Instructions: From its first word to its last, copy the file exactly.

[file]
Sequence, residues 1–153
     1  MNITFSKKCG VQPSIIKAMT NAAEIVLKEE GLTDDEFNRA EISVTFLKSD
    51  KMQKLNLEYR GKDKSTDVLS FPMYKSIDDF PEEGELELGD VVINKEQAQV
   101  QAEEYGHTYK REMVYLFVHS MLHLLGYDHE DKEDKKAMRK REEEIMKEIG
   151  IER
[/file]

Sequence, residues 1–153
     1  MNITFSKKCG VQPSIIKAMT NAAEIVLKEE GLTDDEFNRA EISVTFLKSD
    51  KMQKLNLEYR GKDKSTDVLS FPMYKSIDDF PEEGELELGD VVINKEQAQV
   101  QAEEYGHTYK REMVYLFVHS MLHLLGYDHE DKEDKKAMRK REEEIMKEIG
   151  IER